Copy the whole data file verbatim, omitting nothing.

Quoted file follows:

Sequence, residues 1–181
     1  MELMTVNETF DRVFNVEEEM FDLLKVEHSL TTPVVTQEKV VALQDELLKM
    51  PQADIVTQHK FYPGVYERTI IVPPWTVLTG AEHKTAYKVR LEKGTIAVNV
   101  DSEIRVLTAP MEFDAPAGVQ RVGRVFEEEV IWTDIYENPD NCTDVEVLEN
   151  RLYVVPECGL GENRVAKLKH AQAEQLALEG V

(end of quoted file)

Sequence, residues 1–181
     1  MELMTVNETF DRVFNVEEEM FDLLKVEHSL TTPVVTQEKV VALQDELLKM
    51  PQADIVTQHK FYPGVYERTI IVPPWTVLTG AEHKTAYKVR LEKGTIAVNV
   101  DSEIRVLTAP MEFDAPAGVQ RVGRVFEEEV IWTDIYENPD NCTDVEVLEN
   151  RLYVVPECGL GENRVAKLKH AQAEQLALEG V